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Fort Worth's new thoroughfare plan aims for more variety in street design

Fort Worth is launching a review of its master thoroughfare plan aimed at accommodating continued suburban growth and central city redevelopment with a greater variety of streets and more efficient traffic flow.

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Holt Hickman, businessman who helped preserve Stockyards, dies at 82

Longtime Fort Worth businessman, philanthropist and preservationist Holt Hickman died Nov. 15, 2014, at the age of 82.

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UPDATE: Could American Airlines move its headquarters?

A key linchpin in the Fort Worth economy, American Airlines Group Inc., is considering sites for a new headquarters, possibly outside the city, the airline’s CEO said this morning.

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Tiger Woods takes a swing at Fort Worth's Dan Jenkins - in print anyway

Rarely does Golf Digest make the news. Leave it to Dan Jenkins to change that.

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Crestwood area hoping to block planned office building

Residents of West Fort Worth’s Crestwood Association are trying to block the rezoning of a small apartment complex at White Settlement Road and North Bailey Avenue to make way for a planned office building, saying it would represent the start of commercial encroachment into their neighborhood.

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Abbott unveils TV ad in Spanish

PAUL J. WEBER, Associated Press


AUSTIN, Texas (AP) — TITLE: "Contamos"

LENGTH: 30 seconds

AIRING: Univision and Spanish-language stations during the World Cup.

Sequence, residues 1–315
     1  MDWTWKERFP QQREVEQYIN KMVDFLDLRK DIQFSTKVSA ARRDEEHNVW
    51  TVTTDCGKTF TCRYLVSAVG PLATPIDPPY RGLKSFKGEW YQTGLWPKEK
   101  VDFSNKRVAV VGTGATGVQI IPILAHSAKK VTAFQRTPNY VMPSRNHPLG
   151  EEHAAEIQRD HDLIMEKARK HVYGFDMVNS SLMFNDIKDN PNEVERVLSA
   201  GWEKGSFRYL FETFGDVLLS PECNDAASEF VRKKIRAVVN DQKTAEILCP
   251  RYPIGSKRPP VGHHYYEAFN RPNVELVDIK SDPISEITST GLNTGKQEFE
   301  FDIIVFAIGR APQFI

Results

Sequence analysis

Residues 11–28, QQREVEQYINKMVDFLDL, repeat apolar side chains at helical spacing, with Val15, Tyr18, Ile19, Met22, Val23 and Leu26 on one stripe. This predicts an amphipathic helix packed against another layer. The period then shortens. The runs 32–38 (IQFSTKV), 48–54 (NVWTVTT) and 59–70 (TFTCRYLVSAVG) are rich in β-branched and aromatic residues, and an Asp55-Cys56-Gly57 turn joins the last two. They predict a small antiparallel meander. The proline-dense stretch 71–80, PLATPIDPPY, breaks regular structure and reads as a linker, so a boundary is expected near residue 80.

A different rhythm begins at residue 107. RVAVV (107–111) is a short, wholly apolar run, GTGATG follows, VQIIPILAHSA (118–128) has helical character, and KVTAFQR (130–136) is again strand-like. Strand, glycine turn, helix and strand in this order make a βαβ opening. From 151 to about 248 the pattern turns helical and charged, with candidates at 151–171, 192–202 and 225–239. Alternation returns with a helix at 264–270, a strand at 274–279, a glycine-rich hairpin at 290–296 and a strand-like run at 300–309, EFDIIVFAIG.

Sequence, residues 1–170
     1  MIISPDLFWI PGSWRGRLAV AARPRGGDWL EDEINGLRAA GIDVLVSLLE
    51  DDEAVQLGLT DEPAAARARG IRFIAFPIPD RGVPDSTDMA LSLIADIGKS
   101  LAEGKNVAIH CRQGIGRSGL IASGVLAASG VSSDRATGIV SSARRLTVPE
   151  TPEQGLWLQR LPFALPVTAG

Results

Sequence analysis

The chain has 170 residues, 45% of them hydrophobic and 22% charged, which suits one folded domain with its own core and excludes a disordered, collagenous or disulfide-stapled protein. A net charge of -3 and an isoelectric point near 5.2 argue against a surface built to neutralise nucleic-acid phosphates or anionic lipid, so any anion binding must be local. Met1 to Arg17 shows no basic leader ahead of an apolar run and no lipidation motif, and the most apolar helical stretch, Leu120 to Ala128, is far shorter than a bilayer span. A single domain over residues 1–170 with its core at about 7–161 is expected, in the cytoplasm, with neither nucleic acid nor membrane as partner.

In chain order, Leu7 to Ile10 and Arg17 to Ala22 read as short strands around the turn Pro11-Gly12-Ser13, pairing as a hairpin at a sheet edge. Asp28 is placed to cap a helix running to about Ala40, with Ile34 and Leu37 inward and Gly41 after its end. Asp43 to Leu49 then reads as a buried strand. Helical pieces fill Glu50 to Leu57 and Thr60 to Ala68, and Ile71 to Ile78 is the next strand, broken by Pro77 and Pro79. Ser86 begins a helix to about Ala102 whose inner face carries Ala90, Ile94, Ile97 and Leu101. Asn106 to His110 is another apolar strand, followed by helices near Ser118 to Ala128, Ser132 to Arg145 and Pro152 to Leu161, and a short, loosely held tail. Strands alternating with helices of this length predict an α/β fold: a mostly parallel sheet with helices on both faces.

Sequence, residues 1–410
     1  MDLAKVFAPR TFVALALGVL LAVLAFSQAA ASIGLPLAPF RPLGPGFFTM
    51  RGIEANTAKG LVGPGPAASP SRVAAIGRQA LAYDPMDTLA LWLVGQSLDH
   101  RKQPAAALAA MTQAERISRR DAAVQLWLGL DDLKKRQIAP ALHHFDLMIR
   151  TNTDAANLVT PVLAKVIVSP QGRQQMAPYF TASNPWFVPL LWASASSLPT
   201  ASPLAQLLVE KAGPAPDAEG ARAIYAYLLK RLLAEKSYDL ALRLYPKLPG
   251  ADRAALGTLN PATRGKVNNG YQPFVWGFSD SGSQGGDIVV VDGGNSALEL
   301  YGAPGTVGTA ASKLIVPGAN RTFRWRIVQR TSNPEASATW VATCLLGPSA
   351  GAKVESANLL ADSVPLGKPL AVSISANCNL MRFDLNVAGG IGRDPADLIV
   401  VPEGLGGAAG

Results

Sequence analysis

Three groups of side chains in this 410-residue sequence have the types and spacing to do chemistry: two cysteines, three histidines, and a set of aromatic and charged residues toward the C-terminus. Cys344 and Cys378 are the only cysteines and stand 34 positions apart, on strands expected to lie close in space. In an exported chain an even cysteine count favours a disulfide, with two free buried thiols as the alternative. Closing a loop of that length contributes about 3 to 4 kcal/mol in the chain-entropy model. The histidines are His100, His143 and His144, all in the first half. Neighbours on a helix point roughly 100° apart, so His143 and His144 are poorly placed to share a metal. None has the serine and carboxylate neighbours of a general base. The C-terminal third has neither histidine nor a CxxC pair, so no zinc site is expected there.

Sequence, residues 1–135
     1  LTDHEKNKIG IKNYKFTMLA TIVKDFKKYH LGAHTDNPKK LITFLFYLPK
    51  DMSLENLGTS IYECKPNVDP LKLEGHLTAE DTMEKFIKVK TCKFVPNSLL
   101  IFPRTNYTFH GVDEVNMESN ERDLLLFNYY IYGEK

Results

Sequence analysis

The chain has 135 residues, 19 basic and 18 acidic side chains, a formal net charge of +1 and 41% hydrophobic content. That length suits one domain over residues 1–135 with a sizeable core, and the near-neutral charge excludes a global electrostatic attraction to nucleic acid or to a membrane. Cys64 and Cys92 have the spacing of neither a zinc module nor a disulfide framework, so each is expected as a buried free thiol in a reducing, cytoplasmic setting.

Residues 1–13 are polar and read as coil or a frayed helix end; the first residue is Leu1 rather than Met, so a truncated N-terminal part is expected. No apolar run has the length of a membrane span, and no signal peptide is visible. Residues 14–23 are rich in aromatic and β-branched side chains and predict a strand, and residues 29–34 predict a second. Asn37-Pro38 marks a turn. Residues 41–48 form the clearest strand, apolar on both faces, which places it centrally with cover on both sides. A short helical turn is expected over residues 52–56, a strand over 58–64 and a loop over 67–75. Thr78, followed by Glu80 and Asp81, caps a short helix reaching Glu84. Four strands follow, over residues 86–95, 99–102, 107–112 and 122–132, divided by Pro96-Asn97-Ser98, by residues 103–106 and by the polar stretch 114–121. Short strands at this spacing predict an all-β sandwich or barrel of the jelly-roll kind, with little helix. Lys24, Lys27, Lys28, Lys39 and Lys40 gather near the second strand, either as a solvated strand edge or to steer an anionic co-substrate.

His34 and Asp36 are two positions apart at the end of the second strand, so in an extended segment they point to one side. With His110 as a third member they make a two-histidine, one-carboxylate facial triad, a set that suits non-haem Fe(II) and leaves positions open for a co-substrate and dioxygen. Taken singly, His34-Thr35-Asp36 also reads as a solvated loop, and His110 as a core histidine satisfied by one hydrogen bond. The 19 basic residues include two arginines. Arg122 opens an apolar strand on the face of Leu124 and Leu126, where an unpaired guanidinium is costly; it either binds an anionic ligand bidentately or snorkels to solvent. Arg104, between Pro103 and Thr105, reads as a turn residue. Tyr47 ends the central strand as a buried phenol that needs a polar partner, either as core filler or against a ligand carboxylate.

KEY IMAGE: Spoken entirely in Spanish, the ad opens with Greg Abbott's sister-in-law, Rosie Phalen, sitting in a kitchen and talking about first meeting the Republican nominee for governor more than 30 years ago. Abbott, who often mixes Spanish into campaign speeches but isn't fluent, is filmed chatting and laughing at a picnic with the family of his wife, who's the granddaughter of Mexican immigrants. "His values are our values. Faith, family and honesty," Phalen says in Spanish.

The ad ends with Abbott surrounded by his teenage daughter, Audrey, and others. Two are holding soccer balls as Abbott's logo appears onscreen with the words "para gobernador" (for governor).

ANALYSIS: Abbott's first television ad since winning the GOP nomination in March is a rebuttal to what critics and Democrats contend is the biggest problem facing Texas Republicans — Hispanic voters. The Texas Republican Party ratified a harder line on immigration in its party platform earlier this month, and the GOP is carrying a predominantly white slate of statewide candidates into November.

Abbott has said he wants to break the record for Hispanic support by a Texas Republican gubernatorial candidate. He and most in Texas politics considered the mark to have been set by George W. Bush in 1998, when some polls put him capturing as much as 49 percent of the Hispanic vote. Abbott hasn't used the same harsh rhetoric on immigration as others in his party, but has been criticized for using the phrase "third world" in describing corruption on the border. As attorney general, he's also defended redistricting maps that Hispanic civil rights groups say were drawn to weaken the strength of minority voters.

Abbott here is introducing Spanish-speaking viewers to his diverse family, which he often mentions while campaigning. If he wins in November, his wife, Cecilia, would be the first Hispanic first lady of Texas.

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Midterms
What was the message of the midterm elections?